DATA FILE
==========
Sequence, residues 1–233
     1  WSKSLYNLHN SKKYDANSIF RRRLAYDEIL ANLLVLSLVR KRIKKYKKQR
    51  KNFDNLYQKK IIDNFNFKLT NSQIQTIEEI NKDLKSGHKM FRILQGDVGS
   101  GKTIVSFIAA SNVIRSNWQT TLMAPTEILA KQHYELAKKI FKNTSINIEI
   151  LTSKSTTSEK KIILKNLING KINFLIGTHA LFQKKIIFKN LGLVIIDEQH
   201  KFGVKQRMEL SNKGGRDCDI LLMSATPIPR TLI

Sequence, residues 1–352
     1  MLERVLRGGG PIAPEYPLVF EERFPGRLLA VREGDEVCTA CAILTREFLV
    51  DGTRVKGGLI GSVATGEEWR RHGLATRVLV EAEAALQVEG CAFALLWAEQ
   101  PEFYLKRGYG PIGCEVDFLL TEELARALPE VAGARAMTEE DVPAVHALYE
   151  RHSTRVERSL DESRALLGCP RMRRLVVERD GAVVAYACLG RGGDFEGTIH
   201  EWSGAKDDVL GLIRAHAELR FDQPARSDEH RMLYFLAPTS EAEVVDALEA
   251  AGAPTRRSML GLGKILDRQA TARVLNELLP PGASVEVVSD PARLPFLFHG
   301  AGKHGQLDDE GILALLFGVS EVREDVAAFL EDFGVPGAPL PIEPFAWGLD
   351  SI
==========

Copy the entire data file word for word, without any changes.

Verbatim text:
Sequence, residues 1–233
     1  WSKSLYNLHN SKKYDANSIF RRRLAYDEIL ANLLVLSLVR KRIKKYKKQR
    51  KNFDNLYQKK IIDNFNFKLT NSQIQTIEEI NKDLKSGHKM FRILQGDVGS
   101  GKTIVSFIAA SNVIRSNWQT TLMAPTEILA KQHYELAKKI FKNTSINIEI
   151  LTSKSTTSEK KIILKNLING KINFLIGTHA LFQKKIIFKN LGLVIIDEQH
   201  KFGVKQRMEL SNKGGRDCDI LLMSATPIPR TLI

Sequence, residues 1–352
     1  MLERVLRGGG PIAPEYPLVF EERFPGRLLA VREGDEVCTA CAILTREFLV
    51  DGTRVKGGLI GSVATGEEWR RHGLATRVLV EAEAALQVEG CAFALLWAEQ
   101  PEFYLKRGYG PIGCEVDFLL TEELARALPE VAGARAMTEE DVPAVHALYE
   151  RHSTRVERSL DESRALLGCP RMRRLVVERD GAVVAYACLG RGGDFEGTIH
   201  EWSGAKDDVL GLIRAHAELR FDQPARSDEH RMLYFLAPTS EAEVVDALEA
   251  AGAPTRRSML GLGKILDRQA TARVLNELLP PGASVEVVSD PARLPFLFHG
   301  AGKHGQLDDE GILALLFGVS EVREDVAAFL EDFGVPGAPL PIEPFAWGLD
   351  SI